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Outside View: North Korea's nuclear test
by James Zumwalt
Herndon, Va. (UPI) Feb 19, 2013

disclaimer: image is for illustration purposes only

In the 1976 psychological drama "Taxi Driver," Robert De Niro plays a socially outcast cab driver. In a real-life drama today, North Korea's Kim Jong Un is an internationally isolated world leader. In both roles, these characters communicate messages delivered with a sense of bravado, taunting a non-existing threat.

In an iconic scene in the movie, De Niro, alone in his room, is on an adrenaline high precipitated by insomnia. Looking in the mirror, he challenges no one with, "You talkin' to me? Well, I'm the only one here! You talkin' to me?"

In North Korea, Kim Jong Un is on an adrenaline high due to the success of his country's third nuclear test -- this on a device purportedly smaller and lighter than the others and, thus, capable of placement into a long-range missile.

Issuing his challenge, the well-fed leader -- a giant compared to his diminutive, underfed countrymen -- warns he will take further steps if the United States maintains its "hostile approach" toward North Korea. Trying to create the illusion of a U.S. threat where none exists, Kim taunts an America perceived to be the lion from the Wizard of Oz -- i.e., lacking the courage of its convictions.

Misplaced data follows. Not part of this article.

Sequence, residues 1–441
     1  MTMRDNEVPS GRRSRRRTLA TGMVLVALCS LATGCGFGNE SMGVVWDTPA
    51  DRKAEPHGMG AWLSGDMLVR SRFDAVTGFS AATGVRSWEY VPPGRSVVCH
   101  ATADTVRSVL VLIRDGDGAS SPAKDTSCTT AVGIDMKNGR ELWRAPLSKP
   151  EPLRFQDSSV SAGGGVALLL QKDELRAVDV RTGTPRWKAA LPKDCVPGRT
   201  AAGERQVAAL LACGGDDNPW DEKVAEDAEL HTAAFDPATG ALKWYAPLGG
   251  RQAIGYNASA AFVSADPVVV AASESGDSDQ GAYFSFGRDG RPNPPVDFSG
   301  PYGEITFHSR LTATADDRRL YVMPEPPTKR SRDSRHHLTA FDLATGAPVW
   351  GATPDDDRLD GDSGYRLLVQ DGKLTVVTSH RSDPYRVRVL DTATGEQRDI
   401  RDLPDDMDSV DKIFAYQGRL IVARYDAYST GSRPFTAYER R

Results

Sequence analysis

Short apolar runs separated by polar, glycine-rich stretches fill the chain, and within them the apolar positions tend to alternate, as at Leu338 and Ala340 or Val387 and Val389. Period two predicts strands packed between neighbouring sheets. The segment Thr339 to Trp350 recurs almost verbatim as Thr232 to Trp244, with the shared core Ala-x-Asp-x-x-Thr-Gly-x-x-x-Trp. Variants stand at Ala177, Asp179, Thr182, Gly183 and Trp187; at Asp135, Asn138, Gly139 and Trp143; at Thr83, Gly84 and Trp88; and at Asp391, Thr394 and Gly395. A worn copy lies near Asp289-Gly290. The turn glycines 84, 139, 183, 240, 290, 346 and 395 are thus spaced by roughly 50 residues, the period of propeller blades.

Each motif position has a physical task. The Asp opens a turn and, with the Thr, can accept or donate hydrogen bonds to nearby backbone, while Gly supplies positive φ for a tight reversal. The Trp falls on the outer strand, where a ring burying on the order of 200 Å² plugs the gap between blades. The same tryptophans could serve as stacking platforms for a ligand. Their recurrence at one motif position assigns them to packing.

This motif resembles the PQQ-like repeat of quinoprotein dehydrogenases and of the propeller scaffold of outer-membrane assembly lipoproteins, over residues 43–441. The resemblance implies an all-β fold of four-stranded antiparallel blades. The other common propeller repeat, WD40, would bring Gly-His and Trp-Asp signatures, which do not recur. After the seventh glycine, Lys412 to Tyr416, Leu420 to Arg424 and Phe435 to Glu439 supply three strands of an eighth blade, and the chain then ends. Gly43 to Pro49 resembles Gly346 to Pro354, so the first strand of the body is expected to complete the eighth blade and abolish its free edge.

Pyongyang knows there is nothing to fear from U.S. foreign policy toward the North -- whether under a Republican or Democratic president, whether the talk is tough or not, whether sanctions were increased or lifted -- for such policy has always failed to influence its conduct away from aggression and nuclear armament.

Years of U.S. and South Korean appeasement have only served to encourage it. As a result, for years, the United States and South Korea have repeatedly been victimized by unprovoked aggression. To this day, a U.S. warship remains in North Korean hands as a continuing reminder of it.

Past U.N. efforts to ratchet sanctions up on the North have been blocked by Pyongyang's big brother -- China -- claiming it seeks to keep the peninsula "stable."